Been there, done that. And by that I’m talking writers' strikes. And yes, it’s happening again over the same old shit. The companies have it. The writers want a share of it in exchange for services rendered. And the earth continues to revolve around the sun. I’m old enough to have seen a few of these. I survived.

Though I’m not sure you will. Sorry that I mean that.

If you are interested in the minutiae of the present conflict between writers and our rulers of all things entertainment, this piece might not be for you. Feel free to Google or visit the WGA website. There’s a cornucopia of info and opinion.

Now, for the macro view.

It sucks. I mean, really really sucks. And not just for the writers. It sucks for directors and actors and producers who can’t make their movies or TV shows without writers to script them. It sucks for the assistants, the cinematographers, camera operators, cable pullers—you know what? Just pull up the credits for any film or series and look at the miles of credits and imagine that it sucks for each and every name on screen, as well their families, friends, and just about everyone and everywhere that caters to their daily lives. I’ll even draw that time old metaphor of ripples on a pond, expanding outward and forever. Let’s just say this, it sucks for the ripples and the pond.

So, why strike at all if the effects are so negative?

Well, some time ago, if viewed through the way-back machine, writers decided to organize. Ever since, that is how the studios and networks have decided to arbitrate their differences—primarily over how writers are paid—through collective bargaining. When those negotiations break down, well, here we are again.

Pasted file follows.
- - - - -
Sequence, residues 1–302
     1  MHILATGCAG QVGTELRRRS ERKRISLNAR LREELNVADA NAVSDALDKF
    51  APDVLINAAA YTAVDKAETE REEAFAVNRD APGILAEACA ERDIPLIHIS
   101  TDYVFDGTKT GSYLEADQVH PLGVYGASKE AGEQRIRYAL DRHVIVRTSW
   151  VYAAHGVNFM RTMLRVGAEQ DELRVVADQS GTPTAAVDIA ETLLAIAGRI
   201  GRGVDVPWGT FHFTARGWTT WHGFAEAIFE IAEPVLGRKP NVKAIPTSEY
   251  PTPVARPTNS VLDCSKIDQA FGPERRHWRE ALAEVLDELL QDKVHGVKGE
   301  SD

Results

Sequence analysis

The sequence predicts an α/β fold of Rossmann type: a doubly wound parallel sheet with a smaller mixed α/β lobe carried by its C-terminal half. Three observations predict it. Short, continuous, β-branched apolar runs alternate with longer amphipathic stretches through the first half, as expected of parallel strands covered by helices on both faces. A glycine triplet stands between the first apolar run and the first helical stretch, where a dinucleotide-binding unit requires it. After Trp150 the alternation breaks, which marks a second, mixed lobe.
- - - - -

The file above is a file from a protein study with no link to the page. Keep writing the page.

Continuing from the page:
I say again because ever since the dawn of television, the constant evolution in technology has opened new sources of revenue for the companies. After TV became a platform, it was video. Then came cable and DVDs, and pay-on-demand, and streaming like Netflix and Prime Video, and every network adding a plus to their moniker, thus creating a new portal to screen their libraries of product in a way undefined in the last agreement with the various guilds. And when the writers ask for commensurate share of those newly discovered money streams, the answer is usually “no,” and/or “go pound sand,” or “let’s see if our investment pays off and then we’ll talk.”

Billions of dollars later, the dance begins again.

Granted, there are other issues that crop up during negotiations, such as property rights, credit, advertising, perks, healthcare, pension programs, and this time around, a looming executioner’s blade otherwise known as Artificial Intelligence. But I’m getting ahead of myself. More on that in a moment.

During strike time, the usual rhetoric is employed by both sides. The companies like to say that so many writers are already rich and greedy while the Guild and some of its vocal members resort to dialogue straight out of the blacklist era or Warren Beatty’s almost-masterpiece on the Bolsheviks revolution, otherwise known as Reds. If you haven’t seen it, I strongly recommend. The great Vittorio Storaro’s cinematography is stellar.

It is kind of true that writers are hardly like poor factory workers ripe for exploitation. Yes, it’s a feast or famine sort of business, with some word jockeys flaming out after one movie or staff job while others on the more successful side of the equation make handsome livings, even becoming rich as their fees are negotiated by high-powered agents and attorneys. In other words, writing for showbiz entities can become lucrative and a free market derived paycheck.

Those lucky, talented, or craftsperson enough to reside at the top levels have much more to lose by going on strike than they have to gain, because most actions, such as the current one, are called basic minimums. These are the guaranteed protections companies agree to pay, most importantly in regard to all writers under the WGA banner, new, retiring, wealthy, and struggling.

Now, the companies will suggest that the rich writers, from the showrunners to the current tentpole scripters, have the luxury to strike. And it’s a fair argument, but I think best discussed between spouses and accountants. As well I can personally admit that crawling out of a shiny new Mercedes minutes before and after grabbing a picket and marching and chanting slogans for a few hours is not the best of looks.

These arguments are more misdirection than debate-worthy.